(Creative Commons photo by Flickr user powerplantop)

How to Cook A Steak

(Yes, PEG 2.0 is now competing with eHow.)

A great steak properly cooked is one of the most amazing things on God’s wonderful Earth. And like most of the best things in food, doing it properly isn’t hard, but it requires a bit of rigor and, most importantly, an understanding of some first principles.

First principles

The first thing one has to understand about meat is that meat comes from life. Even though a piece of steak is no longer technically alive, you ought to treat it like a living thing.

Another thing — and this is an axiom — is that there are three ways to cook a steak: rare, medium and RUINED. Rare is best, and medium is tolerable. It’s a matter of fact that less cooked meat is more tender and flavorful. Don’t get me wrong, you have every right to like well done steaks better. It just means you have bad taste.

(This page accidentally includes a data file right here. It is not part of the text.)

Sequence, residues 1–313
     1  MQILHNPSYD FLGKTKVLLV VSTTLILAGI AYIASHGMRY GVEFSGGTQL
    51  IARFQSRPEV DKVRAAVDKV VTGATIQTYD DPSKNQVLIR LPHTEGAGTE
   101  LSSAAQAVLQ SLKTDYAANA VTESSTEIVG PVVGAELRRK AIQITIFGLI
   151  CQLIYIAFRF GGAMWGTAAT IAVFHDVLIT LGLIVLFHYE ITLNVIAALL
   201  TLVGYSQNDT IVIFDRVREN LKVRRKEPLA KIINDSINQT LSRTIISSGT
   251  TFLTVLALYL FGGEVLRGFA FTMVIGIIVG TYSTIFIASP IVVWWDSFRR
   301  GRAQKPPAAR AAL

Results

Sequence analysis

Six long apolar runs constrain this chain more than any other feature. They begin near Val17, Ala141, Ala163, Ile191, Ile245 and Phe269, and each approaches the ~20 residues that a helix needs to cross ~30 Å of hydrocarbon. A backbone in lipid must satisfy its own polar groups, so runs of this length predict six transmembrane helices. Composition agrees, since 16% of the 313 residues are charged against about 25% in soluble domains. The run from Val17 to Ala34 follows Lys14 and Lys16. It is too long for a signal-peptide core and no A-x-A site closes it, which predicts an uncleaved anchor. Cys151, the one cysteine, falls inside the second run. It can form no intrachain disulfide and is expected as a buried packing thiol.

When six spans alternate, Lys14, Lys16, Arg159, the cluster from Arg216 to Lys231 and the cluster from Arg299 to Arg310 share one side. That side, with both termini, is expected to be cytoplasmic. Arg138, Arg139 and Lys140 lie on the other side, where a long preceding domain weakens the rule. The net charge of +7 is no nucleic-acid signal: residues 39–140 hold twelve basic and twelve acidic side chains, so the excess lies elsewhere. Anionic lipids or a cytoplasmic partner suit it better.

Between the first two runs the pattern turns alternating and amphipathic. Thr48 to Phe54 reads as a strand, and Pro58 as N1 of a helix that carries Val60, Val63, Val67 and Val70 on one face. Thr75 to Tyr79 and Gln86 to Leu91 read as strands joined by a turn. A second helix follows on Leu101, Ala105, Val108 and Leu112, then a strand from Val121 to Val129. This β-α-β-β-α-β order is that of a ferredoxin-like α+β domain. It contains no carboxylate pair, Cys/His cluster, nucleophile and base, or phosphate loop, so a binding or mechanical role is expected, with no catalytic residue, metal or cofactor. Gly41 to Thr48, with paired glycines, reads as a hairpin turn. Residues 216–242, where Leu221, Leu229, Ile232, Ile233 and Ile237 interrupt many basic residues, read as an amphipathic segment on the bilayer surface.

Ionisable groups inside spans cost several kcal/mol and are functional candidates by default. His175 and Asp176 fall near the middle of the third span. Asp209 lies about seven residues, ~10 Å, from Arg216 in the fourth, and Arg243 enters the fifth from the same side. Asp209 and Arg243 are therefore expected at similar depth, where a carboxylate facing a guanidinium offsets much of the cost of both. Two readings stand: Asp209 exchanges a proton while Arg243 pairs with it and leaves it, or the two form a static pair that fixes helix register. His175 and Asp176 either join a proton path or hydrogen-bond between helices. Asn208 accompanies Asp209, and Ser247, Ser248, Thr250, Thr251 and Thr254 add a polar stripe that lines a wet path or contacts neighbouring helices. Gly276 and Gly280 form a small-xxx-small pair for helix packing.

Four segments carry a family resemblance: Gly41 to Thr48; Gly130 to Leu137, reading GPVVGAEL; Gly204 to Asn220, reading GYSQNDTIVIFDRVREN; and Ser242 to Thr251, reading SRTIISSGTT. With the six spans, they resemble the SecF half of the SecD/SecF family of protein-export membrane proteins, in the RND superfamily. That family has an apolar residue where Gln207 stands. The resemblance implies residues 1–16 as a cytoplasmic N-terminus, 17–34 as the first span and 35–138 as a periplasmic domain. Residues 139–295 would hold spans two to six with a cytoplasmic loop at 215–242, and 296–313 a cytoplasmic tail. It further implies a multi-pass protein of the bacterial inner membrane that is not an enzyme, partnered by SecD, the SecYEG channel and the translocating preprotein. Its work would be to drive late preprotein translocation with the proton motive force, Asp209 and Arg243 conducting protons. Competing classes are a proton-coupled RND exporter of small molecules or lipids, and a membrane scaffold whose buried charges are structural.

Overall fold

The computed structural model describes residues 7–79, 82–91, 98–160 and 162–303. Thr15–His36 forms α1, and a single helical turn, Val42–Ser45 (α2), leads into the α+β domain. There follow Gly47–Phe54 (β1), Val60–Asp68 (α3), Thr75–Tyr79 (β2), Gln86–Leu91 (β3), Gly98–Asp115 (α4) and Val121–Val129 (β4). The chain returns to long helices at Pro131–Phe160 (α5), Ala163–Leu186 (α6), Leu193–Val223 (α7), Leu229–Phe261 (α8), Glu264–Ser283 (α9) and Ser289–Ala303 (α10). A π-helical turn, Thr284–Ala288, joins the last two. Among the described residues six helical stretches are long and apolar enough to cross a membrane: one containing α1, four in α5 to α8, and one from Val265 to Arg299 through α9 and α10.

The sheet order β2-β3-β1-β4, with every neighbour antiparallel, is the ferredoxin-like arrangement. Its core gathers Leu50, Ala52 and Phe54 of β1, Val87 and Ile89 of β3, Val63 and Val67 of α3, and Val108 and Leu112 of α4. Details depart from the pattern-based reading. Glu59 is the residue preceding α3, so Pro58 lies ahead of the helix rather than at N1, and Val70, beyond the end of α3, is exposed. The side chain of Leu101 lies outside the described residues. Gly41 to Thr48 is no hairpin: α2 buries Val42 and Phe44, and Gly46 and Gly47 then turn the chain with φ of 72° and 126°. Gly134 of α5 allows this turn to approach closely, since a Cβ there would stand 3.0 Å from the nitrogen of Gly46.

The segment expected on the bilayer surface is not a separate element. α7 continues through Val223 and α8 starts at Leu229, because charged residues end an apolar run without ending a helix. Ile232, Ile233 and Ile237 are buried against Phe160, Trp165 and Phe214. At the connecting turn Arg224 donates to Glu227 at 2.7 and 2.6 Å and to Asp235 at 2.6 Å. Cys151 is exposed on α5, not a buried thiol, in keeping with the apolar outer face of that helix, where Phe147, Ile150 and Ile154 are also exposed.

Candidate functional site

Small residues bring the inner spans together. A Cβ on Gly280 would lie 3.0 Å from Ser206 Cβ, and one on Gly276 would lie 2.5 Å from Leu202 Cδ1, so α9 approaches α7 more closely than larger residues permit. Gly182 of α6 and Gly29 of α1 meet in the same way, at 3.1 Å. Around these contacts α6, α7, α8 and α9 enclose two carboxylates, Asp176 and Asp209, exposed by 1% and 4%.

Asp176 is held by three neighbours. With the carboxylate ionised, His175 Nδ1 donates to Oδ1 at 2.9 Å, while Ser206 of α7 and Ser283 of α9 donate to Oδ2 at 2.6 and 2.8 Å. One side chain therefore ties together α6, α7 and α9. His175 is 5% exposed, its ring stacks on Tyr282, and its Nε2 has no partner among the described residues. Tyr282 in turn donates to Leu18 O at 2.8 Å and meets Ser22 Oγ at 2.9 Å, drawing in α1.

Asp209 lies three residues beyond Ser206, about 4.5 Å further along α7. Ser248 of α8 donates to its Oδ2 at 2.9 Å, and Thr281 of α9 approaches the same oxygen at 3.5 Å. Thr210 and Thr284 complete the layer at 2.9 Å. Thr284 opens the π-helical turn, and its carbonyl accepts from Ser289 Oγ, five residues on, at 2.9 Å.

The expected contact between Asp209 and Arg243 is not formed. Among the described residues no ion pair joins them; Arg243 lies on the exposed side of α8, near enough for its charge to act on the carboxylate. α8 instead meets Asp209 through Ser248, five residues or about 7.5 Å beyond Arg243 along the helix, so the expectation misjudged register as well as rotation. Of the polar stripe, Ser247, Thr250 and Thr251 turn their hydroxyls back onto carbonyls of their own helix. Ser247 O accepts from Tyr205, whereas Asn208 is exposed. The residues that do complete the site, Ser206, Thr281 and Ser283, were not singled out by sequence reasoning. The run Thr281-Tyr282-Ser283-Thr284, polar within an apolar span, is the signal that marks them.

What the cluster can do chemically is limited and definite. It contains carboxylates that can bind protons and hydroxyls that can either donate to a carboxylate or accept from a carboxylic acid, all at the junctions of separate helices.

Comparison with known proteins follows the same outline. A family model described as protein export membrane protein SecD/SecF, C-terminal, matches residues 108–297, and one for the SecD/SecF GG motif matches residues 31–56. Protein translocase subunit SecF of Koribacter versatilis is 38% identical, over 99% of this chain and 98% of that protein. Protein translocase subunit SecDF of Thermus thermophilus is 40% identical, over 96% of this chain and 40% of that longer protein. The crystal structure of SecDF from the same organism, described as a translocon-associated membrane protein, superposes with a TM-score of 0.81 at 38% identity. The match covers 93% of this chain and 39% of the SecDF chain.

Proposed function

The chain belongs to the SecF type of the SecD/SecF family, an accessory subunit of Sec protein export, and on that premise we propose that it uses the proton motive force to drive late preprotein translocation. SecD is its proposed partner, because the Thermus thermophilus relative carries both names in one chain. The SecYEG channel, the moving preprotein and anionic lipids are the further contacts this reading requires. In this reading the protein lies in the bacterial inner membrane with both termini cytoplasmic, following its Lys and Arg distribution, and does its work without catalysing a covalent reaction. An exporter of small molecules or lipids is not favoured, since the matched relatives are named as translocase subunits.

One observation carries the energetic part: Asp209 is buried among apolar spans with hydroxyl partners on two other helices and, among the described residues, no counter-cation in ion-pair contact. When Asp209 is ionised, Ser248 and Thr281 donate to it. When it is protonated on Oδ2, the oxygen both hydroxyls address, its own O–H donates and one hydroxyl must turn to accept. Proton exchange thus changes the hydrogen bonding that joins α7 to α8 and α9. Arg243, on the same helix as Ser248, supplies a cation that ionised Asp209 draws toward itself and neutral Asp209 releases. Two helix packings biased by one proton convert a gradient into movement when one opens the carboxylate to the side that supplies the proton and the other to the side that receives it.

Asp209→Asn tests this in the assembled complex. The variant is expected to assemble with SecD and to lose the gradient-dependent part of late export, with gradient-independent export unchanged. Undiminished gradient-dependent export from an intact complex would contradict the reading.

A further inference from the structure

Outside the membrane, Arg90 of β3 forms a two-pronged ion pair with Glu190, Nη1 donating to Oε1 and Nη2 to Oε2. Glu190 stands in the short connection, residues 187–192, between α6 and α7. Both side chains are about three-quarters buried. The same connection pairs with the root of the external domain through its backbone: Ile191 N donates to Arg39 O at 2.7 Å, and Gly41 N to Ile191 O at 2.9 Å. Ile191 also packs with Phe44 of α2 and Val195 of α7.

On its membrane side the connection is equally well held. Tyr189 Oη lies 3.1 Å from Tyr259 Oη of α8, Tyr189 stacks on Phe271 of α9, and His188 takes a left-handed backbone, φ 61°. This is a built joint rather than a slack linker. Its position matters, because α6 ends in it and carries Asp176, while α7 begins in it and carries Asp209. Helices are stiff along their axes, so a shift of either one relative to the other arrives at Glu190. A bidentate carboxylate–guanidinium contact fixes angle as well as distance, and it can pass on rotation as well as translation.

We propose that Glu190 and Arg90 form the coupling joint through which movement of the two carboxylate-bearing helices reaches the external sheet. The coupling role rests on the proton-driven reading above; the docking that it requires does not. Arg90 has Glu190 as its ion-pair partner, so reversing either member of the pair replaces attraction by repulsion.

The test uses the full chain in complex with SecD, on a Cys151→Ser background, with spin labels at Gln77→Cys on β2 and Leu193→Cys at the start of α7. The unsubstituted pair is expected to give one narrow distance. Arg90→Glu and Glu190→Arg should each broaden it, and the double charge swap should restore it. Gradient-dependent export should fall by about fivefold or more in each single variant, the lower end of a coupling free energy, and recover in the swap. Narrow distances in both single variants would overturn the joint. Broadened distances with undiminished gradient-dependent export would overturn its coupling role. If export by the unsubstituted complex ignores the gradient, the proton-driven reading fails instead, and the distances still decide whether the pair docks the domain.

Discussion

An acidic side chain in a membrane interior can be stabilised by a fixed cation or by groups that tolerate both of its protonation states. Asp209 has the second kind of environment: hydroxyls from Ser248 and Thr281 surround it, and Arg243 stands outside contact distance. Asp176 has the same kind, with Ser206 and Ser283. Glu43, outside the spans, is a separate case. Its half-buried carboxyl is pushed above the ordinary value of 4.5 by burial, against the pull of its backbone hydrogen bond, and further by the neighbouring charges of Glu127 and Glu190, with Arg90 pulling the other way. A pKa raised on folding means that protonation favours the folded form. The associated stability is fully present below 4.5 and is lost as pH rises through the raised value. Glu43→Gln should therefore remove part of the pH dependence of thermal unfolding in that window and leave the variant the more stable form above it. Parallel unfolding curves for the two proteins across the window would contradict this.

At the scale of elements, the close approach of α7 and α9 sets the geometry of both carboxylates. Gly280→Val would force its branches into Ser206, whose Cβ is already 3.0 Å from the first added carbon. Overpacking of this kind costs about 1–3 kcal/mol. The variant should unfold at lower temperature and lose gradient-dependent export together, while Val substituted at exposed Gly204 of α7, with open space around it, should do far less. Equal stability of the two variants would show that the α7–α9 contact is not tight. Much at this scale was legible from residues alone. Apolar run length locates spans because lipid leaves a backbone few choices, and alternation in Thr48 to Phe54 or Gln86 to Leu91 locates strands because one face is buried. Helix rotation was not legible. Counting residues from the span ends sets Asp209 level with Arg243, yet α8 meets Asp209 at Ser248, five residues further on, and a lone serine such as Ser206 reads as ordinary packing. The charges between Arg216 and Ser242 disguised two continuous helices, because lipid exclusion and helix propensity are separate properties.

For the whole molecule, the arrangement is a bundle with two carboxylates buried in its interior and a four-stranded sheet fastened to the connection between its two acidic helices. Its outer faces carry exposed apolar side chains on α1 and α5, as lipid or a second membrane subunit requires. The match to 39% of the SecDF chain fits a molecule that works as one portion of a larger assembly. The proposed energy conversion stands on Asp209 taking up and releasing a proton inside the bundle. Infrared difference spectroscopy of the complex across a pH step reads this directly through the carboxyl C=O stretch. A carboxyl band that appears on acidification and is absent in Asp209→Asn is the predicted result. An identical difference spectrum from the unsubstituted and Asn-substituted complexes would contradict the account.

Now here’s what you do.

  • A steak, like any living organism, responds poorly to extremes of temperature. Before you put your steak near any source of heat, it should be at room temperature, to give the meat the time to relax and be more ready to express its flavor. You should take it out of the fridge at least 10 minutes before cooking, preferably 20, ideally 30. (In a high place if you have a hungry cat.)

  • Heat your pan at the highest possible setting. Take it to 11. No need for butter or oil or anything like that: just a pan and a steak.

  • Lay the steak down on the pan. Enjoy the music of the sizzle. This is important: do not touch the steak. Do not move it around, do not look under it, don’t do any of that shit. Leave that glorious piece of meat be. Also important: do not use a fork to manipulate the steak, as that will pierce it and it will leak blood, which is precious because it contains the flavor. Tongs are ideal but you can use a spatula or spoons or anything that doesn’t pierce the meat.

  • So, how do you know when to flip it? Again, first principles: what is going on right now?